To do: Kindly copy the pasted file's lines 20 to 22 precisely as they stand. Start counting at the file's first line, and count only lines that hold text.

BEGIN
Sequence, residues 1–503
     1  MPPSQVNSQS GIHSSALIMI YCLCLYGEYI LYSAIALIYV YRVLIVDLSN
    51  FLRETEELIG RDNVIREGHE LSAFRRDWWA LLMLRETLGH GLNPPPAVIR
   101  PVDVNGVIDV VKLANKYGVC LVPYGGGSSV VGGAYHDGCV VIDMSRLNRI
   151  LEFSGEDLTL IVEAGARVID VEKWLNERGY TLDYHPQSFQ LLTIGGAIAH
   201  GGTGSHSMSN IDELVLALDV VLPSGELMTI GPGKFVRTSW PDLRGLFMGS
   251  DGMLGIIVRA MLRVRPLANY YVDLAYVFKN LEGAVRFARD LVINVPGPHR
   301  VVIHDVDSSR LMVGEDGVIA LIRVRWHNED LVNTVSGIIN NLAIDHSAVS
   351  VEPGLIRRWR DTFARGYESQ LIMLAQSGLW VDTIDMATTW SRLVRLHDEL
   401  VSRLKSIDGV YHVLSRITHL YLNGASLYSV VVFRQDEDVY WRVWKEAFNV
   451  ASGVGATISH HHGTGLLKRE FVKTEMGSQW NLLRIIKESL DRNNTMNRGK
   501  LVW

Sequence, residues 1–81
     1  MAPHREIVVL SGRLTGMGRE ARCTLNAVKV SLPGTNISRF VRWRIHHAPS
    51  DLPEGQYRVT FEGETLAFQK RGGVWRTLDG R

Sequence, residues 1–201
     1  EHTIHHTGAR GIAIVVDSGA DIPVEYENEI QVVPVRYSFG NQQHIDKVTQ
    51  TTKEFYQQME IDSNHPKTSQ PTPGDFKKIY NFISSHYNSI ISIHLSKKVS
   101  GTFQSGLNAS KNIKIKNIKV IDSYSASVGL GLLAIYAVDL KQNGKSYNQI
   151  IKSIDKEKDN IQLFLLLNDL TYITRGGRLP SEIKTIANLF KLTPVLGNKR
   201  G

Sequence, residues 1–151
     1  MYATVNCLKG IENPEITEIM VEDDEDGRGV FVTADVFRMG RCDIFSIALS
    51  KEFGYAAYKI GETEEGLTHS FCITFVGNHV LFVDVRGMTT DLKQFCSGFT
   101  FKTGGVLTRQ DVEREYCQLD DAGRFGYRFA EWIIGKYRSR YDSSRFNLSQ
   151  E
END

   151  IKSIDKEKDN IQLFLLLNDL TYITRGGRLP SEIKTIANLF KLTPVLGNKR
   201  G

Sequence, residues 1–151